A 22-year-old woman has filed a class-action lawsuit against the city of
and its former police chief, alleging that authorities failed to submit a rape kit to state officials when she was sexually assaulted in 2007.
The suit, filed Wednesday, accuses the south suburb and former police chief Andrew Joshua of failing to properly investigate sexual assaults by systematically not submitting hundreds of rape kits to the Illinois State Police Crime Lab.
By not testing the rape kits, the lawsuit alleges, the victims of the sexual assaults were denied their constitutional due process rights and the opportunity to see their cases prosecuted.
“We’re trying to ensure that the community who was victimized by the Harvey Police Department has an opportunity to speak,” said attorney Yao Dinizulu. “A mistake is when it happens once or twice. This has to be some policy of not honoring the claims of women and further violating them in the process. In all likelihood, the failure to test or to collect and preserve that evidence was the rationale for why these cases fell apart.”
Harvey police came under fire in 2005 after it was revealed the department had failed to solve any of the city’s nine homicides that year. In January 2007, a joint task force of investigators from the Cook County state’s attorney’s office, sheriff’s police and Illinois State Police raided the Harvey Police Department and seized evidence and records relating to dozens of unsolved violent crimes.
Authorities discovered about 200 rape kits during the raid, many of which had never been tested. Later that year, the state’s attorney’s office sent 50 of those kits to be evaluated, which has since led to the sexual assault charges of at least 14 defendants in 20 separate cases.
Wednesday’s suit states that the alleged victim, then 17, was walking home from school on May 24, 2007, when she encountered Jacquez Dunbar, an acquaintance, who then entered the victim’s home without permission and sexually assaulted her. The girl and her mother reported the assault to Harvey police the same day and the girl was taken to Ingalls Memorial Hospital in Harvey, where medical personnel took fluid samples for a rape kit.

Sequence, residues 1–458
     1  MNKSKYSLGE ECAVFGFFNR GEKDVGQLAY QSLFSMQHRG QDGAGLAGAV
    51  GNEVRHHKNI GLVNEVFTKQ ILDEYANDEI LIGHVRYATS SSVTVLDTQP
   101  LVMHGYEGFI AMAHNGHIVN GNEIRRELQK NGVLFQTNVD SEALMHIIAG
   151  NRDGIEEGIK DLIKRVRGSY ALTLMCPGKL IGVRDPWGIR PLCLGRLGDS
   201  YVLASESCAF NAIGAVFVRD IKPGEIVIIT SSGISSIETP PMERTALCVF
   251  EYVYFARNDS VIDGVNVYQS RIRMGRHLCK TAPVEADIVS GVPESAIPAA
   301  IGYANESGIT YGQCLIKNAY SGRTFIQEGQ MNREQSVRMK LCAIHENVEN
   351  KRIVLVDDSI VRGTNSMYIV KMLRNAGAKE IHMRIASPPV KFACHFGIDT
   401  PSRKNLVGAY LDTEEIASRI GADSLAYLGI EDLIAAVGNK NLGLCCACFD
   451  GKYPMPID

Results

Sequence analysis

That kit was never sent to the state crime lab for testing, according to the lawsuit.
In April, the state’s attorney’s office informed the alleged victim that results of the rape kit testing pointed to Dunbar, also 22. A spokeswoman for the Cook County state’s attorney’s office said authorities obtained the victim’s rape kit after the initial raid in January 2007.
Court records show that Dunbar, of the 100 block of West 154th Street in Harvey, was charged with aggravated criminal sexual assault in September of last year in connection to the May 2007 attack. He has pleaded not guilty.
Dinizulu said that the situation has been particularly traumatic for the alleged victim.
“She has flashbacks, not just of the actual assault but of how the police department refused to follow up on her case,” Dinizulu said.
The Chicago-based law firm representing the alleged victim also filed a similar lawsuit against the city in February, relating to a 1997 sexual assault of a 10-year-old girl.
In that suit, a 25-year-old woman alleges that she was repeatedly sexually assaulted by her stepfather, starting in January of 1997, and that her rape kit from August 1997 was never submitted for testing. The state’s attorney’s office learned in September 2011 that tests revealed a DNA match to the woman’s step-father, Robert Buchanan, a Cook County correctional officer.
Buchanan, 45, was charged in September with predatory criminal sexual assault in relation to the alleged assault in 1997. He has pleaded not guilty.
Harvey city spokeswoman Sandra Alvarado referred all questions to attorney Cliff Kosoff, who stated that the most recent lawsuit had no legal merit.
“(The lawsuit) contains numerous factual inaccuracies,” Kosoff said, declining to specify which allegations he questioned. “We’ll file a response at the appropriate time.”